The Iona Blog

Opinions contained in The Iona Blog are not necessarily those of The Iona Institute. The Iona Blog is open to anyone who broadly shares the views of The Iona Institute. If you wish to post a comment on a relevant topic please email 200 – 400 words to info@ionainstitute.ie and it will be considered for inclusion in the blog.

 

The evidence that boys and girls really are different

By Frederick Bosch on 12th May 2014. ~ Categories: Other

In her new book, Gender Hurts, the radical feminist Professor of Sexual Politics at the University of Melbourne Sheila Jeffreys claims that gender disorders like “gender dysphoria” are only problems because we have gender at all. So, while Facebook now offers 56 genders (sadly, still one less variety than Heinz beans, but give them time), Jeffreys wants none. Indeed, Jeffreys describes “gender” as placing girls in a “sex caste,” behind “bars of a cage.”

 

Further thoughts on whether polygamy should be legalised

By Ben Conroy on 10th May 2014. ~ Categories: Marriage and the Family

A couple of weeks ago David Quinn blogged in response to news that three lesbians in the US have ‘married’ one another. He issued a challenge – asking if the essence of marriage is consent, then why shouldn’t this ‘throuple’ be allowed to get legally hitched? A couple of people took up the challenge, including Colette Browne in the Irish Independent and blogger Peter Ferguson, also known as ‘Humanisticus’...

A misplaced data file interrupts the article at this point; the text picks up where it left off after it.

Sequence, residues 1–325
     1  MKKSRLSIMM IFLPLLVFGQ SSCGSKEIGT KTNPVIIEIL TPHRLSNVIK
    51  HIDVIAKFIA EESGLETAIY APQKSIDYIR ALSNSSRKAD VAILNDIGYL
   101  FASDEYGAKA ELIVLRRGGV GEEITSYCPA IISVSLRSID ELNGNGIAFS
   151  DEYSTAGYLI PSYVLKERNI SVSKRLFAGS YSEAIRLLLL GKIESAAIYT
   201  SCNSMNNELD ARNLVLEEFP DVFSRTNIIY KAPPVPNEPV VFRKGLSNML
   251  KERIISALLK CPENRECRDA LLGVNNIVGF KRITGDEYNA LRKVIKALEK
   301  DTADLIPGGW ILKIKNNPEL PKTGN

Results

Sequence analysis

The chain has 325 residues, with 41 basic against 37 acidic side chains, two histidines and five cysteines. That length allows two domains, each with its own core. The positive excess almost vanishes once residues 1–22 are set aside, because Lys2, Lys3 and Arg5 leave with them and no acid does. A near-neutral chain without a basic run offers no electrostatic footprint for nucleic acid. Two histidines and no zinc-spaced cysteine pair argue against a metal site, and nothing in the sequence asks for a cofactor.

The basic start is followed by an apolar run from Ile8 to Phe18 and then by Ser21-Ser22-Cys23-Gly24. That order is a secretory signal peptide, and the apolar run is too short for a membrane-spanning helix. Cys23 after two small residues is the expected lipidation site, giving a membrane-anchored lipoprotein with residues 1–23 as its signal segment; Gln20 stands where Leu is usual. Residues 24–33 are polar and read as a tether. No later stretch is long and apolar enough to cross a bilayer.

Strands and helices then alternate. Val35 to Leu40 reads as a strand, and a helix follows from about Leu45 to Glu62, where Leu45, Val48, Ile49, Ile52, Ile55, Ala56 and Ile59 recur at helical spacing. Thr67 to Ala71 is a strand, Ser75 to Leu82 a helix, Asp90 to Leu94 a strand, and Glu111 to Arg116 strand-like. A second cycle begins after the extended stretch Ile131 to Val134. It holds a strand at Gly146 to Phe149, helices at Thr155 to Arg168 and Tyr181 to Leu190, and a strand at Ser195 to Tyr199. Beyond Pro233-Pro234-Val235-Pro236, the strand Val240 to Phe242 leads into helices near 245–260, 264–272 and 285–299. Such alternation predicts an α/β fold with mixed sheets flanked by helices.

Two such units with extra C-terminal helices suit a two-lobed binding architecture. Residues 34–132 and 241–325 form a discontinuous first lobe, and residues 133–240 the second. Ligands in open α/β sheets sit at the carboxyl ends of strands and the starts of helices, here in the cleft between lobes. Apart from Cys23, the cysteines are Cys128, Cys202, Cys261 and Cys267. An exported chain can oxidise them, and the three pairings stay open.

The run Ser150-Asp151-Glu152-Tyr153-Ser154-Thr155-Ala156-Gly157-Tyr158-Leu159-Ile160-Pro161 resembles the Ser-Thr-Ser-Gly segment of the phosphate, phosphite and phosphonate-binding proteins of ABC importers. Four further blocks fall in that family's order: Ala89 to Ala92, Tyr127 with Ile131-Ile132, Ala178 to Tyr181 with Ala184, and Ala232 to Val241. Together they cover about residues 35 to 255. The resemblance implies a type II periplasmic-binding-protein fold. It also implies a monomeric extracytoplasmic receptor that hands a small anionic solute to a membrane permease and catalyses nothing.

Why the fates of Donald Sterling and Brendan Eich cannot be compared

By Ben Conroy on 8th May 2014. ~ Categories: Marriage and the Family,Freedom of Conscience and Religion

Much has recently been made of the effective sacking of Mozilla CEO Brendan Eich over his opposition to same-sex marriage, and rightly so. Even many SSM supporters blanched at the idea that the creator of Javascript could lose his job as head of a tech company simply because of his views on this question. But after the recent case of Donald Sterling, the basketball team owner who received a lifetime ban from the NBA after making a series of blatantly racist comments about black people, Eich's been taking renewed heat in the blogosphere and the press.

 

Think Ireland has a stable, health marriage rates? Try reading history

By James Hart on 7th May 2014. ~ Categories: Marriage and the Family